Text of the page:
February 18, 2009

A New Word is Born Every 98 Min.

I don't usually read airline magazines, but I saw this factoid on the airline mag. of the person sitting next to me. A new word is birthed every 98 minutes! Fifteen new words every day- can you imagine that?  I also read recently that there are 5 times more words in the English language since Shakespeare's time.  As I reflected on this, I thought of several new words I heard in just one week:

1) Growteau: a cross between growth and plateau when speaking of church growth.  A pastor at the Church Solutions conference stated that their children's ministry grew from 600 to 900 – growth.  But during the same time the frequency of attendance has dropped by almost 1 sunday per month – plateau.

2) Bromance: although this has been alive in pop culture, I heard a worship pastor refer to his feelings for his senior pastor with this term- carrying the tone of deep mutual respect.  Remember that "brother" was a widely used biblical metaphor! 

3) 100Xer: A term coined by the Leadership Network and Half Time teams last week as we discussed the missional core of the organization. A 100Xer is a leader with the capacity for a hundredfold yield in kingdom fruitfulness based on Jesus teaching in the gospels.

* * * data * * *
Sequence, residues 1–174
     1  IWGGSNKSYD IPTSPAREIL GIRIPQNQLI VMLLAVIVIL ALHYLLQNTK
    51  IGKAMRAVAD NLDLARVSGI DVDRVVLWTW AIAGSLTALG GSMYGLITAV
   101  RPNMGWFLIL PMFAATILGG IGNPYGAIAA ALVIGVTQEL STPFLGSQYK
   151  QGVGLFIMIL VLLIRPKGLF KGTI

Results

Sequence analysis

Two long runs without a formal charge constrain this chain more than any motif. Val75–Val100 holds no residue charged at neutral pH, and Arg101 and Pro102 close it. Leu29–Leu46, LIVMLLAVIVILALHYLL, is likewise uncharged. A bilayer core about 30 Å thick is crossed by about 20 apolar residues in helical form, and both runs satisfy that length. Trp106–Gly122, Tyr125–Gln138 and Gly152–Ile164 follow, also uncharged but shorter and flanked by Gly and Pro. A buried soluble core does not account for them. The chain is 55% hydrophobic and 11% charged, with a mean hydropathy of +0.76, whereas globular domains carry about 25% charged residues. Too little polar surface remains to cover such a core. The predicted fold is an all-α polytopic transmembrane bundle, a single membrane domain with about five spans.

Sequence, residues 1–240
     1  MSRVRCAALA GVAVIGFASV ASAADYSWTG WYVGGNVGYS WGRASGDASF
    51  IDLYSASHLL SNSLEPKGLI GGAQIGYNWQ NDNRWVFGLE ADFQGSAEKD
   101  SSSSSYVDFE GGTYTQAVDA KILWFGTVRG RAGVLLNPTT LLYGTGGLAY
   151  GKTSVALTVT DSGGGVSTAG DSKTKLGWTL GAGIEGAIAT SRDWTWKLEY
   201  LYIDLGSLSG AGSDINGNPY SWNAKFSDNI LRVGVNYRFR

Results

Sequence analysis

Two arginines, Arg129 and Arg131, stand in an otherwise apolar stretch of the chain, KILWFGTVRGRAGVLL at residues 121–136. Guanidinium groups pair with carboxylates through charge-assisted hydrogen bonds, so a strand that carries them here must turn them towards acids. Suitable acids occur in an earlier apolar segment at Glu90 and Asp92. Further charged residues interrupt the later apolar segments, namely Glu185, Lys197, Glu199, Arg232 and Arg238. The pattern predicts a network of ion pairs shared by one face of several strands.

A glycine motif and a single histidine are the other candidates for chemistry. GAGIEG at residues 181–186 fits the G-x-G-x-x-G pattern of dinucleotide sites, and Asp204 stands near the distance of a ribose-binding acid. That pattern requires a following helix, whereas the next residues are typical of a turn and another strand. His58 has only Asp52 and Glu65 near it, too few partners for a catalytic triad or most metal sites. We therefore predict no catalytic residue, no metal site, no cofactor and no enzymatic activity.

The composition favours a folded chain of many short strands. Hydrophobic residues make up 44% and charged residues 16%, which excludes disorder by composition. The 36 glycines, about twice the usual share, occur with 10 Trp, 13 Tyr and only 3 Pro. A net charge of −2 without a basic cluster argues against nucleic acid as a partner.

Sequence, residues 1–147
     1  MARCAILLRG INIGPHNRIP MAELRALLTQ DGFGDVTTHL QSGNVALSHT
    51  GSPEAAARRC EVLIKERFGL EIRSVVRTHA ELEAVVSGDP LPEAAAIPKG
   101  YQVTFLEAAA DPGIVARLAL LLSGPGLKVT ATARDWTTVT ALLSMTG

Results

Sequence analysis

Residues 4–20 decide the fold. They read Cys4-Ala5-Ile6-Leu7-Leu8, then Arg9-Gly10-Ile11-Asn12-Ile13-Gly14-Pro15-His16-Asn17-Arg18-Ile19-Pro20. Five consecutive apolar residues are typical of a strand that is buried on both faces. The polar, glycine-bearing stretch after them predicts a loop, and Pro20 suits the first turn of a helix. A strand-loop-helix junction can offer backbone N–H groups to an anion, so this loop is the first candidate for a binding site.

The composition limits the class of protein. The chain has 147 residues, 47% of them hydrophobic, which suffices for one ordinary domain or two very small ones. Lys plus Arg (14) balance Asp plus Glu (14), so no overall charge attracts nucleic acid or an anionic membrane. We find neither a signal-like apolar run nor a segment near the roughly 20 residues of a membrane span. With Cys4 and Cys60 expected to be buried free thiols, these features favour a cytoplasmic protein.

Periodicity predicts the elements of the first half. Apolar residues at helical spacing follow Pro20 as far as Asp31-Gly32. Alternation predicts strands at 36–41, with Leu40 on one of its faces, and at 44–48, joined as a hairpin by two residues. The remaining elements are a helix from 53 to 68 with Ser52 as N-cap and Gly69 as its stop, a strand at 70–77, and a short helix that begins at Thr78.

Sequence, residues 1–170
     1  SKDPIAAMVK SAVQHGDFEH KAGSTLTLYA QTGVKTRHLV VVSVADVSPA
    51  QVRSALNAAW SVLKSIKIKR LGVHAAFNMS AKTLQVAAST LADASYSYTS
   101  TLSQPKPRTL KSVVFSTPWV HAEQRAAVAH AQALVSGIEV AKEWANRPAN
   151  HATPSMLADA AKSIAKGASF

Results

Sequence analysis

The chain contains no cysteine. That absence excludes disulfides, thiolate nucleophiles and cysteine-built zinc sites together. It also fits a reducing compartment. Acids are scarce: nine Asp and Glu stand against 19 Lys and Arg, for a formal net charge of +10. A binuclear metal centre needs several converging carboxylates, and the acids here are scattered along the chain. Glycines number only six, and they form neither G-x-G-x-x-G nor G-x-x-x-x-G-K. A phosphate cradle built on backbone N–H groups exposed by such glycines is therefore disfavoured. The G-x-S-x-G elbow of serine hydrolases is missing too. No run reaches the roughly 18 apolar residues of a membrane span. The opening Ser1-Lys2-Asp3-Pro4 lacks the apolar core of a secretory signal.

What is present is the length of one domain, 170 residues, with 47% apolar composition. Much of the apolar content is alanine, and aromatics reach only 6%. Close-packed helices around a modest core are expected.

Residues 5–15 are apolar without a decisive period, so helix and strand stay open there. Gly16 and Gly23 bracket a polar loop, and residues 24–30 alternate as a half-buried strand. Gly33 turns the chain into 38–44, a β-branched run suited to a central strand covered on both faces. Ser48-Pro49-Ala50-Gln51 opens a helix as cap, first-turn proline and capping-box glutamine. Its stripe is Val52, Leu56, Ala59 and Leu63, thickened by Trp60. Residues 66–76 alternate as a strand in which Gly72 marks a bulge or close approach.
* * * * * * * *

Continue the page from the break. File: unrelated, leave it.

4) Makeunder: (Verses the makeover.) Just read this with regard to the benefits of wearing less make-up: "The makeunder applies to those who require longer than an hour to put on their face; women who blow out sockets styling their hair; the ladies whose clothes are so loud they should come with earplugs." "Confidence, maturity and security also tend to go hand-in-hand with a pared down look that favors simplicity over excess."  Review Journal

What are some new words that you have either created or heard?

February 10, 2009

9 things to define 2009

This is a great little video on trends that was posted on Adverblog, that I picked up from Kem Meyers blog. See her blog for the content of the video typed out.

February 9, 2009

Verve: A Church Unique Snapshot

On Friday I had the chance to connect with Vince Antonucci, who has just landed in Vegas to plant a church called Verve. Vince is the author of the book, “I Became a Christian and all I got was a Lousy T-shirt,” which was written out of his innovative church work in Virginia Beach- Forefront.
As a fan of the message of Church Unique, I really enjoyed hearing first hand the vision of Verve. In light of my last post on language matters, here are a few of the terms that Vince has coined as he anchors his new work in Vegas:
  • Stripping Church and Seeking Life (check out his website for further explanation of this tagline)
  • In describing the kind of people they want to be:
    • God stalkers
    • Grace wholesalers
    • Guerilla Lovers

Since I heard these words on Friday, I can’t get them out of mind. That’s making vision stick!

February 5, 2009

Leadership and the Art of Word Choice

Imagine boiling down your life and leadership into a
compelling collection of 76 principles.

Then imagine having to select which one would be first.

That’s exactly what Bill Hybels did in his 2008 book release titled, Axiom. The axiom he decided articulate first is no mistake: Language Matters.

Hybels shares…